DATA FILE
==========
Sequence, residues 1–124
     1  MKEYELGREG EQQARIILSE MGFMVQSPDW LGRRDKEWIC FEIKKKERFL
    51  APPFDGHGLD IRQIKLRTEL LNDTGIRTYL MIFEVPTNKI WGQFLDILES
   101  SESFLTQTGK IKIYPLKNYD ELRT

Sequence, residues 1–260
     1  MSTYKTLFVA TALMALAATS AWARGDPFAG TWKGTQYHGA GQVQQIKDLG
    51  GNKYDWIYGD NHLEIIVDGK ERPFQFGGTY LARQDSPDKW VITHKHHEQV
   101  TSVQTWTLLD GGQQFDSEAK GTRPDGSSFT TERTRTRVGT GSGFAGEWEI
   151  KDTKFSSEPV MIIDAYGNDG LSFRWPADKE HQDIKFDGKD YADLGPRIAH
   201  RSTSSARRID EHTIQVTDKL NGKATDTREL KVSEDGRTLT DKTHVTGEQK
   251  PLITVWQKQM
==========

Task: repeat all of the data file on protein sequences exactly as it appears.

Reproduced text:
Sequence, residues 1–124
     1  MKEYELGREG EQQARIILSE MGFMVQSPDW LGRRDKEWIC FEIKKKERFL
    51  APPFDGHGLD IRQIKLRTEL LNDTGIRTYL MIFEVPTNKI WGQFLDILES
   101  SESFLTQTGK IKIYPLKNYD ELRT

Sequence, residues 1–260
     1  MSTYKTLFVA TALMALAATS AWARGDPFAG TWKGTQYHGA GQVQQIKDLG
    51  GNKYDWIYGD NHLEIIVDGK ERPFQFGGTY LARQDSPDKW VITHKHHEQV
   101  TSVQTWTLLD GGQQFDSEAK GTRPDGSSFT TERTRTRVGT GSGFAGEWEI
   151  KDTKFSSEPV MIIDAYGNDG LSFRWPADKE HQDIKFDGKD YADLGPRIAH
   201  RSTSSARRID EHTIQVTDKL NGKATDTREL KVSEDGRTLT DKTHVTGEQK
   251  PLITVWQKQM